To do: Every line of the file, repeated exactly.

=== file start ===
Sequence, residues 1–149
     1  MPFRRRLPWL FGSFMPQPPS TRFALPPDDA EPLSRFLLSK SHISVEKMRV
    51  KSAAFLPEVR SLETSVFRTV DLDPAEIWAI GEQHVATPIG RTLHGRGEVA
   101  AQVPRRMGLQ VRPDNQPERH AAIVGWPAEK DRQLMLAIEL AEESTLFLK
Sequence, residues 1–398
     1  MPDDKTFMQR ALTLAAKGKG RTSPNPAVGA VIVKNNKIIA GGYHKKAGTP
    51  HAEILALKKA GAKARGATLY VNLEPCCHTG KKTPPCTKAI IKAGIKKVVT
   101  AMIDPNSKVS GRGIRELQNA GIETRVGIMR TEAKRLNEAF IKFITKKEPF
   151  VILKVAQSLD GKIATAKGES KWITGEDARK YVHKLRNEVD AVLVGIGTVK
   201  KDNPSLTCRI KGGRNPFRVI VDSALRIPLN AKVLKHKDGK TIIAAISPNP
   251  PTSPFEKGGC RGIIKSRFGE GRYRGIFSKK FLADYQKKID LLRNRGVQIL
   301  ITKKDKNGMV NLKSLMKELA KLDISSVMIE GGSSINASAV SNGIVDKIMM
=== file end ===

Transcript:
Sequence, residues 1–149
     1  MPFRRRLPWL FGSFMPQPPS TRFALPPDDA EPLSRFLLSK SHISVEKMRV
    51  KSAAFLPEVR SLETSVFRTV DLDPAEIWAI GEQHVATPIG RTLHGRGEVA
   101  AQVPRRMGLQ VRPDNQPERH AAIVGWPAEK DRQLMLAIEL AEESTLFLK
Sequence, residues 1–398
     1  MPDDKTFMQR ALTLAAKGKG RTSPNPAVGA VIVKNNKIIA GGYHKKAGTP
    51  HAEILALKKA GAKARGATLY VNLEPCCHTG KKTPPCTKAI IKAGIKKVVT
   101  AMIDPNSKVS GRGIRELQNA GIETRVGIMR TEAKRLNEAF IKFITKKEPF
   151  VILKVAQSLD GKIATAKGES KWITGEDARK YVHKLRNEVD AVLVGIGTVK
   201  KDNPSLTCRI KGGRNPFRVI VDSALRIPLN AKVLKHKDGK TIIAAISPNP
   251  PTSPFEKGGC RGIIKSRFGE GRYRGIFSKK FLADYQKKID LLRNRGVQIL
   301  ITKKDKNGMV NLKSLMKELA KLDISSVMIE GGSSINASAV SNGIVDKIMM